I can almost hear you saying eeew (smile), but don’t let the ingredients called for in this robust high-gelatin broth scare you off. I get my piggy and chicken feet locally from Ranch Foods Direct. However, you can also find a supplier in the Weston A. Price Foundation Shopping Guide or their phone app. This particular combination is one of the most dense gelatinous broths you can make. Even thicker than Jello©!
- 1 pig foot (mine was approximately 10 inches long)
- 1 package (about 1 lb.) chicken feet cleaned with skin left on
- 1 cup vinegar
- 1 large yellow onion, chopped
- Raw leftover veggies (except beets), optional
- Place pig’s foot and chicken feet in a small oval pan.
- Add vinegar and fill pan with filtered water.
- Carefully place pan in refrigerator and allow feet to soak through the night.
- Next morning, rinse well and place in a large oval slow cooker.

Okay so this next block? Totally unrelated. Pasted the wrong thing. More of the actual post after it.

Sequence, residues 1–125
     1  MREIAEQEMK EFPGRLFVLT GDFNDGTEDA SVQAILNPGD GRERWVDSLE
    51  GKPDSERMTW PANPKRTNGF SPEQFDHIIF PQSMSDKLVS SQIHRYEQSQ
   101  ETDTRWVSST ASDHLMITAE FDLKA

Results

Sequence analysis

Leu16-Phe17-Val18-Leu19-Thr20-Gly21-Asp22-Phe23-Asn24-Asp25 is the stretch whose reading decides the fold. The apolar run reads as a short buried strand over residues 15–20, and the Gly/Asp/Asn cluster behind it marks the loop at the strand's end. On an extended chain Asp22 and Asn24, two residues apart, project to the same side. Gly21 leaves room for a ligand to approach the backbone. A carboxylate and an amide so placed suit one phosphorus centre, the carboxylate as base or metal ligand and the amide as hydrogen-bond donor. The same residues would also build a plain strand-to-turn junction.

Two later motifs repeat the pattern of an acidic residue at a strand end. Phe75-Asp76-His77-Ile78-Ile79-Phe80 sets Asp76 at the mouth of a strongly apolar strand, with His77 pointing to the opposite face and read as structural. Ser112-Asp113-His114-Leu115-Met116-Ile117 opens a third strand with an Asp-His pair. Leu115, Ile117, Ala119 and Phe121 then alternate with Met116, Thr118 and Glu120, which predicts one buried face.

- Add onion and other raw leftover veggies (if using). Don’t use beets because they will turn the broth an unappealing maroon color.
- Add filtered water to fill to top. Cover and place on high heat for approx. 1 hour.
- Turn to low and simmer for approximately 12 hours. (I generally start mine at 5 to 6 in the morning, and it’s nicely cooked by 6 in the evening.)
- Allow broth to cool. Remove pig’s foot with a slotted spoon and save to eat. (It’s quite tasty with a bit of unrefined salt and pepper.)
- Remove chicken feet with a slotted spoon. (These can be cooked a second time until extremely soft, then crushed for use in your homemade dog or cat food.)
- Strain broth into a large glass bowl and place in refrigerator overnight.
- Next morning you will have a thick and healthy broth. I freeze mine in 1-pint BPA-free plastic containers for later use in my beans instead of water, or add this broth to soups instead of water. You can also heat a cup, add finely minced garlic and some unrefined salt and pepper, and serve it with a meal.
—A Traditional Cook original recipe developed for my blog post on Muscle Memory at
https://www.seleneriverpress.com/muscle-memory-know/ (This recipe may be used as is or adapted with permission by contacting Maria Atwood.)